more...
No comment yet.
Scooped by Thibaud Guymard
Scoop.it!

Startup Hopes to Make Sickness Social

Startup Hopes to Make Sickness Social | Digital Pharma | Scoop.it
If a close friend has a cold, chances are you might catch it. A startup called Sickweather hopes to tap into the social side of sickness with a social networking service that tracks illnesses within a user's circle of friends, and to forecast outbreaks.

The startup mines publicly available data from social networks such as Twitter and Facebook, as well as from its users, to provide information on illness trends. Sickweather recently launched an early version of its site for closed beta testing, and plans to open to a broader audience in July.

While some people complain about the vast quantities of often mundane data uploaded to social networks every day,...
more...
No comment yet.
Scooped by Thibaud Guymard
Scoop.it!

Digital Marketing in Japanese Pharma: Special Report

Digital Marketing in Japanese Pharma: Special Report | Digital Pharma | Scoop.it
A detailed analysis of the research is now available to download free of charge, in both Japanese and English languages. The report provides insights into the evolution of the relationship between patients and physicians in Japan; reveals the key challenges and opportunities faced by Japanese pharmaceutical marketers; and provides a glimpse into which channels will be prioritised in future budget plans. Also included is the result of a poll into the most admired pharmaceutical companies for their effective use of social media in Japan, as ranked by their peers.

Download the full report now.
more...
No comment yet.
Scooped by Thibaud Guymard
Scoop.it!

Building trust with empowered patients

In the second of a series of videos, various thought-leaders from around the world contribute insights about building trust with empowered patients.

Creation Healthcare attended events in New York, London, and Munich in the early part of 2011, and asked the global elite forum about the key issues affecting healthcare engagement, based on their experience.

This episode features some of these thoughts about how to build effective relationships with empowered patients (or e-Patients), and the types of information provision that can meet their needs in a mutually beneficial way.
more...
No comment yet.
Scooped by Thibaud Guymard
Scoop.it!

Pharma communication in a multi-regulatory world

Pharma communication in a multi-regulatory world | Digital Pharma | Scoop.it
Few could have predicted the way in which the Internet has changed the dynamic of relationships amongst healthcare stakeholders. For the pharmaceutical industry, it seems there is an opportunity to also play a role in the many online relationships which are made possible by the Internet.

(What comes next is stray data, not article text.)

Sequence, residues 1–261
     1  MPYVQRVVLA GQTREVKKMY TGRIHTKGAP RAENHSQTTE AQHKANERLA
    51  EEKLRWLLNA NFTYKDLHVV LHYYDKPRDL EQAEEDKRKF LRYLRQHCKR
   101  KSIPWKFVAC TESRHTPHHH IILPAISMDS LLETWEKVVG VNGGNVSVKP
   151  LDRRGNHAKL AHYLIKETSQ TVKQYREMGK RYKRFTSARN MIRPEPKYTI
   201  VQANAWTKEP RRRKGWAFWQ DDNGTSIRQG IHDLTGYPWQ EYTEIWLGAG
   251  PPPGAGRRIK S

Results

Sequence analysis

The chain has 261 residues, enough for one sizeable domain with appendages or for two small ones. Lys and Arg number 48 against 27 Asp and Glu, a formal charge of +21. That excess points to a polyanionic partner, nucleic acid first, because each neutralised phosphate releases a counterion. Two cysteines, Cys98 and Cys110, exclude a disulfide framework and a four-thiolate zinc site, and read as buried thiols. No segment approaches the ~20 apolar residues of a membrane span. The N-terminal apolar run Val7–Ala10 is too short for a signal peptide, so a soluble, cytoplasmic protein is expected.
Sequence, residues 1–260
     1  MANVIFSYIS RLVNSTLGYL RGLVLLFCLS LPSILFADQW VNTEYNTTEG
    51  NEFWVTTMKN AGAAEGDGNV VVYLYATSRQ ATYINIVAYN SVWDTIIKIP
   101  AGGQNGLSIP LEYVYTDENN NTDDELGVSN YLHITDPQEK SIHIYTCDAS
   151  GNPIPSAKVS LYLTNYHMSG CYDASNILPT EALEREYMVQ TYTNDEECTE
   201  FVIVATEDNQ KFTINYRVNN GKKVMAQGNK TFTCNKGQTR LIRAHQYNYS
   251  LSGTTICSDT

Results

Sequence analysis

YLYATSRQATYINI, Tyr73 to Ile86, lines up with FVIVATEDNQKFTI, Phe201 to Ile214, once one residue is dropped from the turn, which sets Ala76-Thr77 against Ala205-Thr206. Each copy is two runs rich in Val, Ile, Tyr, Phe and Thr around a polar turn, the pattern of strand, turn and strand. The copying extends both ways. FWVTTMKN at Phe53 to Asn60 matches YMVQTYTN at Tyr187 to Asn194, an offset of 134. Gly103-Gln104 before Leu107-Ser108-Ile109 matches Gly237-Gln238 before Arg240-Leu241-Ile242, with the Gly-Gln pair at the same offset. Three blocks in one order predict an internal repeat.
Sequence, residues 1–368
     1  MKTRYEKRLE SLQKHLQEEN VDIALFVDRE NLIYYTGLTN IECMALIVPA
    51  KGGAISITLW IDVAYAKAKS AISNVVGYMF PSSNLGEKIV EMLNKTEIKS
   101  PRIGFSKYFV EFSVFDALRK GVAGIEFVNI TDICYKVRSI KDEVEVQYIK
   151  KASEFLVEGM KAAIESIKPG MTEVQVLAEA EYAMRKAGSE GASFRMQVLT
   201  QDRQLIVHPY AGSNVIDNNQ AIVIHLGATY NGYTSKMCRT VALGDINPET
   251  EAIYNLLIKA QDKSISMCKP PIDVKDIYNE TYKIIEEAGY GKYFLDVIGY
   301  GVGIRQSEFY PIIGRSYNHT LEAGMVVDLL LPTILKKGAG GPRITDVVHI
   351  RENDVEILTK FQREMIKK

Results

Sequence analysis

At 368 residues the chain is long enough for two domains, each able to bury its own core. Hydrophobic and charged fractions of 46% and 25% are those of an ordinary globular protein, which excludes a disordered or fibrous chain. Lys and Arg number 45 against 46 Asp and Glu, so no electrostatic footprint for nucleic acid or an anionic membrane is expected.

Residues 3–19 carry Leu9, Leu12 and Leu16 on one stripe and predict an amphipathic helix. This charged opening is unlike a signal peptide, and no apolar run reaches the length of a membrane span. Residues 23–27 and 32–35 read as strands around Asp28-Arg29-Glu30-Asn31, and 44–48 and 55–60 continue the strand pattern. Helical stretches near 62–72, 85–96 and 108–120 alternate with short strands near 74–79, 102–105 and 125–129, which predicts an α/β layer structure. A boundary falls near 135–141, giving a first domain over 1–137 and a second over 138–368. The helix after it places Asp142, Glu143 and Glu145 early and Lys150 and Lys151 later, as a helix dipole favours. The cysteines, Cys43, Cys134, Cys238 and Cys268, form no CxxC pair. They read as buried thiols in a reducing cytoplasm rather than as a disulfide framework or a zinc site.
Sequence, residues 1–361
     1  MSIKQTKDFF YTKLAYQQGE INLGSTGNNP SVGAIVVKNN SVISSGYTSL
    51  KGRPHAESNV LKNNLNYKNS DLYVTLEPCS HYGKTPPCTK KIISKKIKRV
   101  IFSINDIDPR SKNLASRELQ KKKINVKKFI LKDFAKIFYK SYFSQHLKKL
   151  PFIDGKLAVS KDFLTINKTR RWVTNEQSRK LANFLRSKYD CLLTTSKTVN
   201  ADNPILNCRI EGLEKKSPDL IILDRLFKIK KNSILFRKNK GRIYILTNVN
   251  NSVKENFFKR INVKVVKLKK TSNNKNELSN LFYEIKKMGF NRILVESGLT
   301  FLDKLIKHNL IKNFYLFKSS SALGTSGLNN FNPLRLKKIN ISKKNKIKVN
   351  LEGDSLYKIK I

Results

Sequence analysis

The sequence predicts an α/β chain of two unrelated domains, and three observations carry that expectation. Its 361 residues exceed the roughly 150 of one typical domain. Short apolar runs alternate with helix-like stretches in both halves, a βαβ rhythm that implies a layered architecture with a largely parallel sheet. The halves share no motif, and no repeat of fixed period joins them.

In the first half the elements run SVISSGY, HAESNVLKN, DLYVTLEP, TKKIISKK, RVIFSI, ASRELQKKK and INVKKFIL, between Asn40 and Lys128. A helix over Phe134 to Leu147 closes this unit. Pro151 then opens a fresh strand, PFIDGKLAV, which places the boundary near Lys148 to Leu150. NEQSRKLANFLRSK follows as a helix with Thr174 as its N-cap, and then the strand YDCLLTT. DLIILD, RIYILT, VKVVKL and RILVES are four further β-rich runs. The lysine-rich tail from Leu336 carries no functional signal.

Despite the Internet being completely global and respecting none of our historical or legal boundaries, the differing regulatory systems present a very polarised approach to pharmaceutical communication.

Therein is a challenge and an opportunity, to find the perfect balance which allows a pharmaceutical company to provide appropriate information to the right people at the right time, and of course in the right way.
more...
No comment yet.
Scooped by Thibaud Guymard
Scoop.it!

Will new channels change your strategy?

Will new channels change your strategy? | Digital Pharma | Scoop.it
Many articles have been written in recent weeks about the trend of the moment: Google Plus. Whenever a new platform or technology comes out, many predictions about its future are made. But do you trust predictions?

Actually, it is interesting to read what people think about it because it helps us make our own decision on whether we want to get involved with a new platform or not, or simply to know more about it. I read people writing that Google+ is a revolution; others talk about an evolution, a competitor to Facebook, a “place to be” for companies, a useless + tool, or even that we will no longer see new web 2.0 platforms after Google’s one (or they will be copies).

Anyway, my point is that all this information can obviously be valuable for marketers and communicators in order to stay informed, but all this noise might distract your attention from the real insights.

Social media platforms don’t matter but your stakeholders do.

Google+, like other technology trends, may provide opportunities for you or your business to improve what you are already doing or do to new things in order to achieve better results. However, the Internet is constantly moving, new territories appear and disappear every day but one thing never changes: who your care about, the various healthcare stakeholders...